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Ruslan Mamedov

MSc in International Relations, Program Manager (MENA) at the Russian International Affairs Council

The diplomatic conflict between Iraq and Turkey erupted in part due to discontent among Iraqis over the presence of Turkish armed forces on their territory. This issue has dragged on for a long time. The government in Baghdad has demanded that the Turks withdraw their troops from Iraq, while the Turks cite the need to train and equip the Kurdish Peshmerga and Sunni armed groups for the battle against ISIS. Actually, this is precisely what the Turks claim to be doing on Iraqi territory in the town of Bashiqa outside the “caliphate” capital of Mosul in the northern part of the country.

 

The trigger for this fierce position of Iraq towards the Turks was the Turkish government’s decision to keep their soldiers in Iraq for another year as well as some of the harsh statements made by Recep Erdogan. In his speeches, Erdogan has said that the operation to return control over Mosul to the Iraqi authorities should be carried by the country’s Sunni groups. In addition, the Turks believe that the ethnic and religious makeup of the region’s population should be preserved. Moreover, Erdogan has said separately that it would be a mistake for the Popular Mobilization Forces (al-Hashd al-Shaabi) to take part in an offensive against Mosul. Such forces consist of an alliance between Shiite militant groups that have been legitimized and joined the Iraqi army in August 2016. For his part, Iraqi Prime Minister Haider al-Abadi has said that Iraq would not allow the Turks to take part in the operation to liberate Mosul. The United States also had an interesting position on this issue: the Americans supported Baghdad.

 

REUTERS/Umit Bektas

Turkish military on Turkish-Syrian border

 

On 4 October, the Iraqi parliament voted against the Turkish military presence in the north of the country and called for cutting ties with Ankara. Baghdad calls the Turkish armed forces “occupiers”, which does not sit well with Turkey. The Turkish armed forces have emphasized that they are in Iraq at the invitation of Baghdad itself as well as President of the Iraqi Kurdistan Region Masoud Barzani (conflicting information). The Turks also say that if Baghdad fought against the Kurdistan Workers’ Party (of ISIS), there would be no Turkish forces in the country. Erdogan also noted that there are countries around the world that engage in combat operations thousands of kilometres away from their own borders, such as the groups of several countries in Afghanistan, and nobody is outraged. Meanwhile, Turkey’s land border with Iraq stretches over 350 km, while its border with Syria runs 911 km, and Ankara is prepared to protect its interests. Later, Erdogan added that “he [Iraqi Prime Minister Haider al-Abadi] should know his place”.

 

This tone sparked outrage among the Iraqi public, media and officials. Representatives of the Popular Mobilization Forces acted cautiously with the movements of Turkish forces. Popular Mobilization Forces spokesman Ahmed al-Asadi noted that Turkey “has yet to see who needs to know their place”.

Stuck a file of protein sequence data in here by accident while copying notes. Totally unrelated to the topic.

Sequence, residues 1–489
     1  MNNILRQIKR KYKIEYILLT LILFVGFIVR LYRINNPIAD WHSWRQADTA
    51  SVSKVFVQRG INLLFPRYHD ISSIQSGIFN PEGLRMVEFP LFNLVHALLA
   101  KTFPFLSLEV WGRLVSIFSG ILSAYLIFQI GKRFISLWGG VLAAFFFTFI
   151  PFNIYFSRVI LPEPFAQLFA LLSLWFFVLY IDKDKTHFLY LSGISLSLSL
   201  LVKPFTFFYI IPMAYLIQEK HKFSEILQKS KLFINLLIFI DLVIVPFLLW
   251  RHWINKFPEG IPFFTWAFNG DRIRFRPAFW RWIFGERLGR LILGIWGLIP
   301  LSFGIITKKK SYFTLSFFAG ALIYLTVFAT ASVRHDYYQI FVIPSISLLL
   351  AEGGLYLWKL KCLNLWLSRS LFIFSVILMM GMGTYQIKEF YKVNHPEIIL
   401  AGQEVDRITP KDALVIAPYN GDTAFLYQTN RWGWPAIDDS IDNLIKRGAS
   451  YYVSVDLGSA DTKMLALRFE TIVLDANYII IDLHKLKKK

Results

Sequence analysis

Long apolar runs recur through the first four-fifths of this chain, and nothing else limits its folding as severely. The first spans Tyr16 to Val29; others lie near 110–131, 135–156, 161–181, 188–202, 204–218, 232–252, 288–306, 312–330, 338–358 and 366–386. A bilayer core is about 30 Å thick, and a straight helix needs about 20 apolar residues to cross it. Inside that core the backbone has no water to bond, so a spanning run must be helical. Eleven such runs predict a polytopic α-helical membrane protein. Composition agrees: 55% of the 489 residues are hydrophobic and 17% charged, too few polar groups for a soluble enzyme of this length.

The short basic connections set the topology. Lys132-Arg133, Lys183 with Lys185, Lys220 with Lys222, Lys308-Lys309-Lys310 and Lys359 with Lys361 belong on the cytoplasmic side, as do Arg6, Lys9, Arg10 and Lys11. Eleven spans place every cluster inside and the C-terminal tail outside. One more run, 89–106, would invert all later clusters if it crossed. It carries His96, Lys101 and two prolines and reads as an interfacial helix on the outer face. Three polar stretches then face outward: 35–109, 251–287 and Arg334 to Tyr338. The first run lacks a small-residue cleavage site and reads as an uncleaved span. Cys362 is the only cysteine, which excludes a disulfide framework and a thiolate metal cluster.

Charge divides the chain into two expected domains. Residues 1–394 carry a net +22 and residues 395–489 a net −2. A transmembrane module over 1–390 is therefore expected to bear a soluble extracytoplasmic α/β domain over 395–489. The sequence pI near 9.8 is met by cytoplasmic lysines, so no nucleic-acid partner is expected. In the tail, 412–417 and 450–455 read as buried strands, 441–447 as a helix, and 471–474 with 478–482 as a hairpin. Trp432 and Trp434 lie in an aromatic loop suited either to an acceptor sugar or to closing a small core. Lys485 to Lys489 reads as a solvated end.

Despite the efforts to find a common solution to the problem, the war of words continues. On 11 October 2016, Iraqi parliament member Zainab Arif Al-Basri called for expelling the Turkish ambassador in Baghdad. Al-Basri is a member of the Iraqi National Accord (Al-Wifaq Al-Watani Al-'Iraqi), a structure that positions itself as a national coalition that unites the country’s main political forces. In fact, it primarily consists of Shiite parties, including the State of Law party, the Supreme Islamic Council, the Sadrist Movement, Badr and others. Al-Basri also stated that “Iraq is not an Ottoman province”.

 

REUTERS/Essam Al-Sudani

Protests against Turkish military presence in Iraq

 

The demand to expel the Turkish ambassador from Baghdad has yet to be fulfilled even though the two sides have already managed to summon each other’s ambassadors to their respective ministries of foreign affairs. Previously, Saudi Arabian ambassador Thamer Al Sabhan was replaced as part of a major controversy following a request from the Iraqi Ministry of Foreign Affairs. Abdul Aziz Al Shammari was appointed as the new ambassador in Baghdad. This was a difficult move for the Saudis because Al Shammari is a member of the influential Shammar tribe, one of the largest clans both on the Arabian Peninsula as well as in Iraq. It should also be noted that Russia also replaced its ambassador to Iraq. Iraqi media reported that Moscow has appointed Maxim Maximov. However, this move took place without any controversies: the appointment was planned and had been prepared by the Russian Ministry of Foreign Affairs for some time.

 

The issue of the Turkish military’s presence in Iraq will also be raised in international organizations. Iraqi Prime Minister Haider al-Abadi will continue to seek their withdrawal. In addition, statements have already been made indicating that the further presence of Turkish troops in Iraq without Baghdad’s authorization will be viewed as an act of aggression. Nevertheless, Turkish Prime Minister Binali Yildirim has said that the Turkish forces will remain in their current location in Bashiqa. The future presence of Turkish boots on Iraqi soil will largely depend on the United States, Iran and their relations with Ankara despite the serious demands from the highly socially diversified Iraqi public that exists today.

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